The retention rate is one of the most important app store optimization factors to take into consideration. It is the percentage of active users (people who use your app continuously) over a given period of time. It’s the exact opposite of the churn rate (percentage of users that leave the app in a given period of time). App retention rates can also be used in data comparison. By doing this, you can compare users that were brought through different marketing campaigns or from different periods, gaining valuable insight into your marketing efforts. In terms of app retention rates, you can calculate it in 2 standard ways. Aggregate Retention Rate (ARR) is the total number of monthly active users (MAU) divided by the total number of installs in that period. MAU / #installs = % ARR
Of course, there are many other app engagement metrics that a company can track. From how fast users complete a level to how the users move through the app’s interface. Yet, these are really specific metrics that each company must decide on based on their app, goals, and strategies. If you want some insight or help to define your app engagement metrics, talking to an ASO agency may help.
App Event Tracking
This metric could potentially be placed both in the engagement category and in the performance one. Depending on what users need to do inside an app or what flow should be followed, a company can decide on certain events that should be tracked. For example, game developers track how fast users complete certain levels. By correlating that information with the moment a user churns, they can analyze if people leave the game because a level was too hard for them and decide to make the level easier. You can also track when users are more likely to review your app or share your content, allowing you to optimize your social marketing campaigns or ASO efforts. This is not a metric that we can give a formula for. You need to think about what your app does and how users interact with it. Just make sure you don’t start tracking EVERYTHING because you’ll get lost in the data.
Mobile App Performance Metrics
After we’ve talked about how to measure user engagements, it’s also important to mention performance. What makes money and what loses money Without a good understanding of how performance metrics affect your profitability, it’s really hard for an app to become sustainable and generate revenue.
Cost Per Acquisition (CPA)
Let’s start with one of the most important – Cost per acquisition or CPA. This metric shows the amount of money spent in marketing campaigns for each conversion. Just to be clear, CPA is usually not the same as CPI (cost per install). As you can track multiple goals as a CPA, and an install is just one of those goals. Yet, considering that we are talking about apps here, let’s assume that the main acquisition here is indeed the installation of the app. And all marketing efforts are around that one goal. So, the CPA (or CPI in this case) can be calculated by dividing all of the marketing costs in a certain period of time by the number of app installations in the same period. = costs / # of acquisitions or conversion you’re tracking The goal of this metric is to make it as low as possible while still keeping relevant results. By analyzing the CPA, you can make better decisions on how your marketing budgets should be spent. Of course, CPA works best if correlated to a user’s average value. Which we’ll talk about below. To be more precise, it’s better to keep a marketing campaign going that brings users for $10 each, rather than one that brings users for $5 each, as long as the first campaigns bring users that provide better financial results in the long run. One of the best ways to reduce CPA without lowering the user’s quality is to work with a mobile advertising agency. Many times, by optimizing your targeting, improving your copy or design and carefully monitoring the results, you can reduce the CPA but a lot.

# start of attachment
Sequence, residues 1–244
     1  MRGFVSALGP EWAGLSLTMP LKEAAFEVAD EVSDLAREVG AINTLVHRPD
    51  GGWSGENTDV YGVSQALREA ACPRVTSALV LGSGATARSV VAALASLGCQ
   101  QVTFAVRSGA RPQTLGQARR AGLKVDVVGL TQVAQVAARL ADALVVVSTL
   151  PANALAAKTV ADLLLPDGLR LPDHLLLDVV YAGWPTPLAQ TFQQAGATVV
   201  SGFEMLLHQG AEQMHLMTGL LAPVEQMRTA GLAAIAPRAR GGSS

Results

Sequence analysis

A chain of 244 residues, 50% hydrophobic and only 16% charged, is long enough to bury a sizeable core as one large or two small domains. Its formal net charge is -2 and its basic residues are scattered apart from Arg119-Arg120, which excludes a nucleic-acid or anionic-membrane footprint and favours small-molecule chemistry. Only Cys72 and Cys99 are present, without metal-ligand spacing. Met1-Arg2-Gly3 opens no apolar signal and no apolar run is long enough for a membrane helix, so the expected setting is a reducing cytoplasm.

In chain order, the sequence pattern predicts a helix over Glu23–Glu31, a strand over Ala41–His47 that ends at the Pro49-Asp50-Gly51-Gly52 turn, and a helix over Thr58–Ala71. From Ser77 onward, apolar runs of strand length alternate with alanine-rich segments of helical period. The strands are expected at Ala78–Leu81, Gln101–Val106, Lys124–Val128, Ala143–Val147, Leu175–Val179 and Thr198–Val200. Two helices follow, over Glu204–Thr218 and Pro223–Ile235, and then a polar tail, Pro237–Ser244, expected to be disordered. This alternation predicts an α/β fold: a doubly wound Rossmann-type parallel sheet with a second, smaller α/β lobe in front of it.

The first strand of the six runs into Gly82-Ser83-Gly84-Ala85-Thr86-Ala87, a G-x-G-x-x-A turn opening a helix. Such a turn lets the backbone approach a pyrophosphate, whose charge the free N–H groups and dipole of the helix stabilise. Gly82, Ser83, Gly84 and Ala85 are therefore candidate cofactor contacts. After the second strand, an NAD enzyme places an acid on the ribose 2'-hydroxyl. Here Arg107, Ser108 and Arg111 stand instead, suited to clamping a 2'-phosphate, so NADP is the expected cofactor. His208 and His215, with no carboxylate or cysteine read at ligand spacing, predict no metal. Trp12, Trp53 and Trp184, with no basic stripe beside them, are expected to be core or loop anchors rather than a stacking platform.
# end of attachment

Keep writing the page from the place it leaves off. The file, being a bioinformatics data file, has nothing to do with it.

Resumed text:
Again, Retention and Churn Rates
While we mentioned Retention Rate earlier in this article, we did not mention Churn rate. The churn is the opposite of retention and shows how fast users uninstall your app. A high churn rate is bad for business. You’re practically spending money to bring people that uninstall quickly and don’t bring any revenue. We’re mentioning the churn rate here because the first way to reduce it is to stop bringing bad users. Optimize your campaigns and be more specific. Your marketing goals should be to bring people that convert, not just bring people for the numbers. Also, by remarketing and using lookalike audiences based on people that spent money inside of the app, you have a higher chance of reducing the churn rate.
Lifetime Value (LTV)